In-vitro Diagnostic Test to Predict COVID-19 Mortality and Disease Severity
The COVID-19 Androgen Sensitivity Test is a non-invasive In-Vitro Diagnostic device that utilizes Next Generation Sequencing Technology (NGS). The results of the test are used by a physician to assess the risk of developing severe symptoms following COVID-19 infection, The COVID-19 Androgen Sensitivity Test requires a health care professional to collect a DNA sample using an FDA cleared DNA sample collection kit.
|Condition or Disease||Intervention/Treatment||Phase|
In late 2019, a novel coronavirus, subsequently named SARS-CoV-2 (COVID-19), was first reported in Hubei province in China. Since it was first reported, a worldwide pandemic has ensued affecting more than 450,000 individuals as of March 2020. In the midst of the pandemic, epidemiological reports unveiled a disproportionate low rate of severe cases among adult females compared to adult males, 42% and 58%, respectively. Similarly, the rate of severe cases among pre-pubescent children was exceptionally low at 0.6%. An explanation for the skewed prevalence of severe COVID-19 infection in adult males has yet to be elucidated.
In newborns, it has long been recognized that male infants are more susceptible to respiratory distress syndrome and less likely to respond to prenatal glucocorticoid therapy to protect against respiratory distress. Respiratory distress is intimately tied to the production of pulmonary surfactant, e.g., pulmonary surfactant proteins have been demonstrated to protect against influenza A. In animal studies, it was demonstrated that a sexual dimorphism in fetal pulmonary surfactant production is influenced by the androgen receptor (AR). For example, in rabbits, dihydrotestosterone was shown to inhibit fetal pulmonary surfactant production in both males and females while an anti-androgen, flutamide, was demonstrated to remove the sexual dimorphism in surfactant production. While severe COVID-19 symptoms are primarily manifested in older adults, the similar sexual dimorphism in the severity of respiratory disease is of interest. In addition, AR expression is low prior to pubertal maturation and may contribute to the low incidence of severe COVID-19 infection in children. As such, the investigators propose that the lower rate of severe COVID-19 infection in female patients may be attributed to lower androgen receptor expression.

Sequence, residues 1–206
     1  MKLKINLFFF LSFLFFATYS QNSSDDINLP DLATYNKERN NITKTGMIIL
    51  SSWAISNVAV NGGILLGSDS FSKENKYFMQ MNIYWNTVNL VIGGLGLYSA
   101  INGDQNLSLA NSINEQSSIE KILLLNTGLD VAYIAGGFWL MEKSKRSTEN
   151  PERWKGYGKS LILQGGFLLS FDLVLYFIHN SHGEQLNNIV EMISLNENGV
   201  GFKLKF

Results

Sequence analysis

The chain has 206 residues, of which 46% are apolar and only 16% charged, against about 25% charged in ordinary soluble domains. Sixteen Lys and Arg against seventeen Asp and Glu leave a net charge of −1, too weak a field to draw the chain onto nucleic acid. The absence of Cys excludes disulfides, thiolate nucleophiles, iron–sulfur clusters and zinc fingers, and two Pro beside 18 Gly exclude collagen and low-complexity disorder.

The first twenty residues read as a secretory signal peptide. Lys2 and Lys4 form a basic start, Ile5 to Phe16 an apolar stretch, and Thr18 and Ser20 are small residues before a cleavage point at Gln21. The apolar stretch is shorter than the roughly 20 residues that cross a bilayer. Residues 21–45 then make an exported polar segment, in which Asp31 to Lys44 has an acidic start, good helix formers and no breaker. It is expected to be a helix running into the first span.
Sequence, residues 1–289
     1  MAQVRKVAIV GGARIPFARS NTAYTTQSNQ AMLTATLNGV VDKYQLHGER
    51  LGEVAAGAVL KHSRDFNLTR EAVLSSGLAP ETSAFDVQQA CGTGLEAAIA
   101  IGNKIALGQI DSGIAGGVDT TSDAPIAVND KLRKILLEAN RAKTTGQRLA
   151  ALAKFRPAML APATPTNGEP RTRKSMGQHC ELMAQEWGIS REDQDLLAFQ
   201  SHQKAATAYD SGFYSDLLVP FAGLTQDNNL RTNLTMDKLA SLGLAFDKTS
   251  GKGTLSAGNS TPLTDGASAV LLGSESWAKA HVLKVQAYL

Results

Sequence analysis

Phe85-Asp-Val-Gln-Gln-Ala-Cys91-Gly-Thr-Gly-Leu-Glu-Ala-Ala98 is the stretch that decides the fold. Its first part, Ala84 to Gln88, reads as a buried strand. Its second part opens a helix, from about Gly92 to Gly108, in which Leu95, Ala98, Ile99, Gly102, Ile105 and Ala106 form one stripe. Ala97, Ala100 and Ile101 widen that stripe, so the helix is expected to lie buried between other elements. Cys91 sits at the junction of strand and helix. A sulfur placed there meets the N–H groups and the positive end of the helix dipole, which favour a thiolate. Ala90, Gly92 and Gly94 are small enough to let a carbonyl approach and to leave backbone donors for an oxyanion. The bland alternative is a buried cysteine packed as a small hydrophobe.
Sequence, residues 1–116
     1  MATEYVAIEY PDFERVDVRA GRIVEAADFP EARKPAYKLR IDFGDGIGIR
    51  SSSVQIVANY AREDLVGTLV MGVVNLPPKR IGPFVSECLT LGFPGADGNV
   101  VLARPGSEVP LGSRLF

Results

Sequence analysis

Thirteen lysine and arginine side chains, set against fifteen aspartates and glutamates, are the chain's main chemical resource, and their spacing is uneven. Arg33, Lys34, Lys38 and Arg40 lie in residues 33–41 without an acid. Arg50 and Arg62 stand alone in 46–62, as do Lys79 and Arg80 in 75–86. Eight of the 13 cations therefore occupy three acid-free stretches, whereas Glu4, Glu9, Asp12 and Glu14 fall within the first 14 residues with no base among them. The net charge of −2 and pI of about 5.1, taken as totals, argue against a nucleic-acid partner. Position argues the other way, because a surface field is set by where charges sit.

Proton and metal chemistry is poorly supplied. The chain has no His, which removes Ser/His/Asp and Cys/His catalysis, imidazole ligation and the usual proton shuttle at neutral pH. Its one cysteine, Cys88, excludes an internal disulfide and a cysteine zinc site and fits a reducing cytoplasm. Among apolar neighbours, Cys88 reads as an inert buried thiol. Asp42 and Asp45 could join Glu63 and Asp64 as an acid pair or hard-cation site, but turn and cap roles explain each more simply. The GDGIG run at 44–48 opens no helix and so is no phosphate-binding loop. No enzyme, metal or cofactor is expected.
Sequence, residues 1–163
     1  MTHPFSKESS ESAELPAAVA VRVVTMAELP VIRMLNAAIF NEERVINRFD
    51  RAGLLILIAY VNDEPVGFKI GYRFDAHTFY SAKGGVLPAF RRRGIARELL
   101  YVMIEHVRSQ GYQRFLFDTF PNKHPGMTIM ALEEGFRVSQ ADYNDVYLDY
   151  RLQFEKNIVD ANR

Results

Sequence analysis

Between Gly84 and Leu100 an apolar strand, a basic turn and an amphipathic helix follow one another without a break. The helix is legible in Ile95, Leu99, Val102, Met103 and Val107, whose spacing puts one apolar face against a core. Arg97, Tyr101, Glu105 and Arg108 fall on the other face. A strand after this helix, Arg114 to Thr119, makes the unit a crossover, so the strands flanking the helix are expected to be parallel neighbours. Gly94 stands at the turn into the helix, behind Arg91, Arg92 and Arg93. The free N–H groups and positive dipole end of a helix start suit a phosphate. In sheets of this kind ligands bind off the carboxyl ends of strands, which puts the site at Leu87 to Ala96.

Additional evidence to the possible implication of androgens in COVID-19 infection severity is found in the molecular mechanism required for SARS-CoV-2 infectivity. SARS-CoV-2 is part of the coronavirus family of viruses including SARS-CoV-1 and MERS-CoV. Coronavirus predominantly infects type II pneumocytes in the human lung. Previously, it was demonstrated that SARS-CoV-2 cell entry depends on priming of a viral spike surface protein by transmembrane protease serine 2 (TMPRSS2) present in the host. In type II pneumocytes, TMPRSS2 expression is associated with an increase in androgen receptor (AR) expression, specifically connecting AR expression to SARS-CoV-2, due to AR-regulated TMPRSS2 gene promoter. Moreover, angiotensin converting enzyme 2 (ACE2) has been recognized as the attachment molecule to the viral spike surface protein, thus termed the "receptor of SARS-CoV-2". Interestingly, ACE2 has been shown to have reduced activity by the decrease of androgen hormones (experimental orchidectomy), possibly by decreased expression of ACE2.
A well known polymorphism of the androgen receptor is a CAG repeat in the first exon of AR gene. The number of CAG repeats has been correlated with AR function and expression. The primary purpose of this study is to evaluate the association of AR gene polymorphisms with disease severity and mortality following COVID-19 infection. If an association can be elucidated, it would imply novel treatment modalities. For example, the activation of AR can be reduced by several classes of drugs including androgen receptor antagonists, androgen synthesis inhibitors and antigonadotropins.
Arms and Interventions
|COVID-19 Male Patients|
Males with laboratory confirmed SARS-CoV-2 infection
Diagnostic Test: CAG length <22
CAG repeat length in exon 1 of AR gene
Diagnostic Test: CAG length >=22
CAG repeat length in exon 1 of AR gene
Primary Outcome Measures
- Hospital-free days to Day 28 [ Time Frame: 28 days] [28 days]
Defined as 28 days minus the number of days from randomization to discharge home. If a patient has not been discharged home prior to day 28 or dies prior to day 28, hospital free days will be zero.
- 1. Severity of Disease [Day 28]
Defined as discharged, hospitalization, admission to intensive care unit [ICU] and death
Male over the age of 18
First time present at the site
Laboratory confirmed SARS-CoV-2 infection
Able to give informed consent
Unable to give informed consent
Diagnosed with an additional respiratory co-infection
Contacts and Locations
|1||Hospital Universitario Ramon y Cajal||Madrid||Spain|
Sponsors and Collaborators
- Applied Biology, Inc.
- Hospital Universitario Ramon y Cajal
- Principal Investigator: Sabina Herrera, MD, Hospital Universitario Ramon y Cajal
- Study Director: Carlos Wambier, MD, Brown University
Study Documents (Full-Text)None provided.